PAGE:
Despite concerns of various groups and individuals about herring extirpation in the Strait of Georgia, Fisheries and Oceans Canada (DFO) says the area comprises about 50 per cent of coastwide herring biomass.
Still, it says it prioritizes conservation and takes a precautionary approach to protect the health of future stock.
Jim Shortreed, a Victoria-based herring enhancement volunteer, is not fully convinced of the precautionary principle. He said DFO electronic surveys indicate the returning biomass is low; however, he claims DFO continues to say the sonars are not calibrated and therefore contain a certain amount of error in every reading.
The only way to know how much herring returns to spawn is after the spawn when eggs are counted.
“That number is considered accurate, except it’s delivered in July, well after the spawn and the harvest, and that leads to errors in which the harvest is too much,” Shortreed said.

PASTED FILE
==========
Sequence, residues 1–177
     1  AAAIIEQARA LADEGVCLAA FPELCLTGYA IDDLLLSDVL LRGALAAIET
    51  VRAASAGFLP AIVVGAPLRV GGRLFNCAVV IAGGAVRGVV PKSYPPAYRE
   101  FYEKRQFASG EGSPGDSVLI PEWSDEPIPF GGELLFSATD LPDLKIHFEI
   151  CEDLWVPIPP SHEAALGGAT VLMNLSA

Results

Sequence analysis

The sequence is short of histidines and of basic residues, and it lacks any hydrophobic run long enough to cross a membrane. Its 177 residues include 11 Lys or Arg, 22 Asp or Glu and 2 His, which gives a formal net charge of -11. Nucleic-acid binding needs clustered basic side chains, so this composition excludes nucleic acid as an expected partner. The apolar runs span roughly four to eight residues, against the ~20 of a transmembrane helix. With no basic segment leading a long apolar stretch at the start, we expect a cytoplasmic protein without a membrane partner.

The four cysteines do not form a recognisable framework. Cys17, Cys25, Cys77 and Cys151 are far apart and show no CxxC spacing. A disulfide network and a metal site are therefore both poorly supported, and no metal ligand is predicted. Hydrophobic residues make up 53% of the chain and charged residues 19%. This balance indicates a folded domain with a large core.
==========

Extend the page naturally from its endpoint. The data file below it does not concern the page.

Each year, he said there’s a large number of herring stocks that stay inside the Salish Sea, and don’t migrate out to the Pacific Ocean. According to Shortreed, DFO’s Integrated Fisheries Management Plan documents that the food and bait fishery removed all resident herring out of the southern Gulf Islands.
“That leaves Comox as the only spot left which always has a strong returning population,” Shortreed said. “Those herring, a certain number of them are migratory. We (Victoria and southern Gulf Islands) don’t have any migratory fish.”
In 2017, he said DFO started restricting the amount of catch in the southern Gulf Islands. By 2020, it had closed all the southern islands due to lack of fish.
“Now, the trend seems to be going north of Nanaimo,” said Shortreed, who takes this as a definition of “fished out,” or extirpated.
He notes the David Suzuki Foundation, using the same calculations as DFO, found that a four per cent herring harvest rate would be sustainable, as opposed to 10.
Each year, DFO makes decisions about the size and extent of permitted herring fisheries, based on available science, and knowledge and input from First Nations and commercial harvesters.
“The hard science numbers are going down every year,” Shortreed said.
Like us on Facebook and follow us on Twitter